TribLIVE

| Lifestyles


 
Larger text Larger text Smaller text Smaller text | Order Photo Reprints

garden q&a: too much moisture ruins crop

A sweet potato vine and flower with some curled parsley. Jessica Walliser

About The Tribune-Review
The Tribune-Review can be reached via e-mail or at 412-321-6460.
Contact Us | Video | Photo Reprints

Daily Photo Galleries


By The Tribune-Review

Published: Saturday, Feb. 23, 2013, 9:00 p.m.

Q: My question is about my sweet potatoes. They were very deformed with big ridges and grooves in them again this year. I would like to know what is causing this. They taste OK but look awful and don't keep well. Even some of the smaller ones were like that.

Someone told me it was because they were done growing in dry weather and then rain came and they started growing again, but I am not sure that is the problem. Thanks for your help in advance.

A: Too much water at the end of the growing season is indeed the reason your sweet potatoes are cracking. When the vines begin to die back at the end of the season, gardeners are often tempted to irrigate, thinking it will somehow prolong the life of the vines and lead to the production of larger tubers. But, instead, this practice causes the interior of the tubers to swell and crack open the skin.

Irrigation should stop three to four weeks before harvest. Though you can't control the weather, you can control excess irrigation. Splitting also sometimes happens in poorly drained soils.

For your best chance of a successful sweet potato crop, begin by choosing short-season varieties. Purchase only certified-disease resistant slips (starter plants) from a reputable source, and locate the plants in the hottest part of the garden. Plant the slips three weeks after the danger of frost has passed, and space them 12 to 18 inches apart.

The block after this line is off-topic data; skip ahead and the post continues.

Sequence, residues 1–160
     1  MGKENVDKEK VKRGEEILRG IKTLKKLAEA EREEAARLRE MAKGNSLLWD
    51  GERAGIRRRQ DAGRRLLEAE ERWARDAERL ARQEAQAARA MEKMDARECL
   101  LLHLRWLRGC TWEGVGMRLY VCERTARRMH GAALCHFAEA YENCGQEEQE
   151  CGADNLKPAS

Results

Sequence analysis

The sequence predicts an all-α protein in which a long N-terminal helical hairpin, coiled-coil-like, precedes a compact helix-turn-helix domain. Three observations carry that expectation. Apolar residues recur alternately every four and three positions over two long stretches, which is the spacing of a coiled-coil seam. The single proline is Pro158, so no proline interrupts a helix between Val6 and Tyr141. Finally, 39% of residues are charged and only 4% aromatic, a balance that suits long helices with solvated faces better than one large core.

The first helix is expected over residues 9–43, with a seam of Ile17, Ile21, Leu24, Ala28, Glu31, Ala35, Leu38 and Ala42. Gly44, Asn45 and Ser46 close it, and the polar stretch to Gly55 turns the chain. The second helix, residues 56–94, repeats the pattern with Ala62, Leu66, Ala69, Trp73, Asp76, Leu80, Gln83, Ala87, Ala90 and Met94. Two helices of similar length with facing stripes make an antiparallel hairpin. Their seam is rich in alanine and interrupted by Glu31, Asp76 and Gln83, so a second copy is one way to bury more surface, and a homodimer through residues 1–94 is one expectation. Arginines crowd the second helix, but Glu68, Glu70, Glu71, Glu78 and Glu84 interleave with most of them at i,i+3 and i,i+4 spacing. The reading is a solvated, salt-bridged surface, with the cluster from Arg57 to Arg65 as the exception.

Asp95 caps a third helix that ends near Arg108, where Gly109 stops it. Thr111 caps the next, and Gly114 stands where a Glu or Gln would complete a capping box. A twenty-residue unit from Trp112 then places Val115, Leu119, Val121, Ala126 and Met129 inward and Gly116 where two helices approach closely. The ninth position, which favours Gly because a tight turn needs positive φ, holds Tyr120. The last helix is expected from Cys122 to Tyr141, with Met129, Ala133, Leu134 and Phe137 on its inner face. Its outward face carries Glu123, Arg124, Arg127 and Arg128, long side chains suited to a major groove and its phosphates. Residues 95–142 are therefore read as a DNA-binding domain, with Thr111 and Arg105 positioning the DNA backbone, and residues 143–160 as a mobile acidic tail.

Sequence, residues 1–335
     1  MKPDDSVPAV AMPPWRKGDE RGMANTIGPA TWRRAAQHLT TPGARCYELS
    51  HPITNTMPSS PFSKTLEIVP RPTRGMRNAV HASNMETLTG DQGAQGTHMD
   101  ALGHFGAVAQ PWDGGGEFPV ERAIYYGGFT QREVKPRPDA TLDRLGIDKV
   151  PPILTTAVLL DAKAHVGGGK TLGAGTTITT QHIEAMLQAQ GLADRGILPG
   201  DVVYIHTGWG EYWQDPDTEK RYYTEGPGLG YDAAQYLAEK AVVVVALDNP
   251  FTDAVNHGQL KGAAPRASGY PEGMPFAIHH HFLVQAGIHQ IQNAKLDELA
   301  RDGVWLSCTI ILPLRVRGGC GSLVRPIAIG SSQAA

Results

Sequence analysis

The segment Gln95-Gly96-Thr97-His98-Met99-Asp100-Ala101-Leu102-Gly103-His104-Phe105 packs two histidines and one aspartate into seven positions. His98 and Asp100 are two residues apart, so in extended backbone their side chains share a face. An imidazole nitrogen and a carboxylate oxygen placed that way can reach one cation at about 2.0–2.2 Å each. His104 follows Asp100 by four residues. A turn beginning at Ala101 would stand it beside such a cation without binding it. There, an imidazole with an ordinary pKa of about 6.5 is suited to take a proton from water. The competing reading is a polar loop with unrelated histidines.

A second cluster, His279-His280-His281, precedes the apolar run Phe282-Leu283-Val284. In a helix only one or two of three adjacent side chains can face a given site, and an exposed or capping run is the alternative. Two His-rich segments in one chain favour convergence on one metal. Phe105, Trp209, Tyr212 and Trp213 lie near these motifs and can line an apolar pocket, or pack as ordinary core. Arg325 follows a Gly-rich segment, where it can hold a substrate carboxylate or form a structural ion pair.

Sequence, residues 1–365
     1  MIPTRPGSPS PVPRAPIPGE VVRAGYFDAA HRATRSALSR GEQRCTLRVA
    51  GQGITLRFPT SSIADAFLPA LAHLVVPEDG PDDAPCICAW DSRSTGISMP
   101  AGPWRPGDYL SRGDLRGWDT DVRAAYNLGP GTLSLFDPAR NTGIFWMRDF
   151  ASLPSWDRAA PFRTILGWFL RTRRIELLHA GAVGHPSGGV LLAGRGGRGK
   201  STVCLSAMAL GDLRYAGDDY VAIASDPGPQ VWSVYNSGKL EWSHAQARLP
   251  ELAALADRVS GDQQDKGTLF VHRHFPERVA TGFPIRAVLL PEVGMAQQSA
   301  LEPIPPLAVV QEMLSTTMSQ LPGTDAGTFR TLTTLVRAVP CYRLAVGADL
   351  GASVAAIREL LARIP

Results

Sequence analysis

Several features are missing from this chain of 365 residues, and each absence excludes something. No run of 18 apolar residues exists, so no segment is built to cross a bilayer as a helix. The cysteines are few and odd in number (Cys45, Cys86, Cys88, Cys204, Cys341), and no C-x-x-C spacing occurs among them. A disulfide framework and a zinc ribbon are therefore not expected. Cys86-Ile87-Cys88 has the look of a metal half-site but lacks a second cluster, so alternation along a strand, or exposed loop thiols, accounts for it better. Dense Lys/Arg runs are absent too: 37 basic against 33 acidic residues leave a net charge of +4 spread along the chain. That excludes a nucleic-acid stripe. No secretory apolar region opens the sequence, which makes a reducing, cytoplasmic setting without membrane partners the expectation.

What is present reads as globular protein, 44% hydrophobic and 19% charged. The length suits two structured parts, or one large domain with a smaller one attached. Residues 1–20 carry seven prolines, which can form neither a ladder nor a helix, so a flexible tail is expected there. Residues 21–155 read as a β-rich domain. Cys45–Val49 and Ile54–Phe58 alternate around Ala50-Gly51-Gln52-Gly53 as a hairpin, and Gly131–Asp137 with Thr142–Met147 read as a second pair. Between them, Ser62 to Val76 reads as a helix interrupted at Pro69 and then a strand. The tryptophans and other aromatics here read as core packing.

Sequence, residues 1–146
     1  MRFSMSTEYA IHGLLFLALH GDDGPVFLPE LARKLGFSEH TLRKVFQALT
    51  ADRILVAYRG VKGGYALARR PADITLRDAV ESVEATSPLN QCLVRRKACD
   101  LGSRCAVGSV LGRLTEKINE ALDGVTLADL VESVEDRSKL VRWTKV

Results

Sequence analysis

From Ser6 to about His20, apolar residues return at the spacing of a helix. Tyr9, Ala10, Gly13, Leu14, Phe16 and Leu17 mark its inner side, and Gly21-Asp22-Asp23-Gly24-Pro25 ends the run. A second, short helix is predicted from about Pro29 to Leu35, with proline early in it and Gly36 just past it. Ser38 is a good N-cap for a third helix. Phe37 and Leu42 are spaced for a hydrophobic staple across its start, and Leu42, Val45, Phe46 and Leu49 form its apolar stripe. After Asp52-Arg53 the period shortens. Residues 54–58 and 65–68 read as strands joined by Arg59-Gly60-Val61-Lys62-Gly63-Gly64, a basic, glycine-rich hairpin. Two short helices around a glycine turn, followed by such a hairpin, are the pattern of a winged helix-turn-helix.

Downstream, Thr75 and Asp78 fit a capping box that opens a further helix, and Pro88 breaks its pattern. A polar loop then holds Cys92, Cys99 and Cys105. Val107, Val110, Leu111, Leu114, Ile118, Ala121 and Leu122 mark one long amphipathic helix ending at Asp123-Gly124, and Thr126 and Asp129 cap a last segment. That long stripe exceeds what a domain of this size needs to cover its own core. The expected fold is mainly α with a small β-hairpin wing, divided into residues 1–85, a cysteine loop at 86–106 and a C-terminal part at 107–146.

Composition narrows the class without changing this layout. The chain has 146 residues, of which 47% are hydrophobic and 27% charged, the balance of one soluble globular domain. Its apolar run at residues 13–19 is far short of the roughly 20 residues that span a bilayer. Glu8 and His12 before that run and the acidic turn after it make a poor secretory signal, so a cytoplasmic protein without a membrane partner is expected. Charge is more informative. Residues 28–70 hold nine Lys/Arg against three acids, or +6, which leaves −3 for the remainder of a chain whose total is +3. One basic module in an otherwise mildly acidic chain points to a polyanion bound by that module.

To warm the soil, build an 8-inch-high ridge to plant them in, or cover the soil with black plastic for a few weeks before planting. The tubers are ready to harvest a few weeks after the vines have died back. They are a long-season crop — taking 100 plus days from planting until harvest.

Sweet potatoes prefer hot, dry conditions, which do not consistently occur here in Western Pennsylvania, making a good sweet potato harvest a hit-or-miss proposition. Still, homegrown sweet potatoes are amazing and well worth the effort.

Horticulturist Jessica Walliser co-hosts “The Organic Gardeners” at 7 a.m. Sundays on KDKA Radio. She is the author of several gardening books, including “Grow Organic” and “Good Bug, Bad Bug.” Her website is www.jessicawalliser.com.

Send your gardening or landscaping questions to tribliving@tribweb.com or The Good Earth, 503 Martindale St., 3rd Floor, D.L. Clark Building, Pittsburgh, PA 15212.

 

 
 


Show commenting policy

Most-Read Stories

  1. Mail for IRS delivered to Squirrel Hill home
  2. Pitt, CMU among those participating in online job fairs
  3. Orpik: Penguins must keep their cool
  4. Pirates trade for Mets first baseman Davis
  5. Baldwin Township charter school plans for enrollment boost
  6. Penguins’ Bylsma wants Cup version of Letang
  7. Unused West View land to become green solution for stormwater runoff
  8. Latrobe woman texts searchers in Linn Run State Park to tell them she’s OK
  9. Heyl: Democratic primary voters in South Hills get little info from campaign ads
  10. Kovacevic: Panic over Pirates? In April?
  11. Survivors in critical condition a day after fifth Armstrong County car crash victim dies
Subscribe today! Click here for our subscription offers.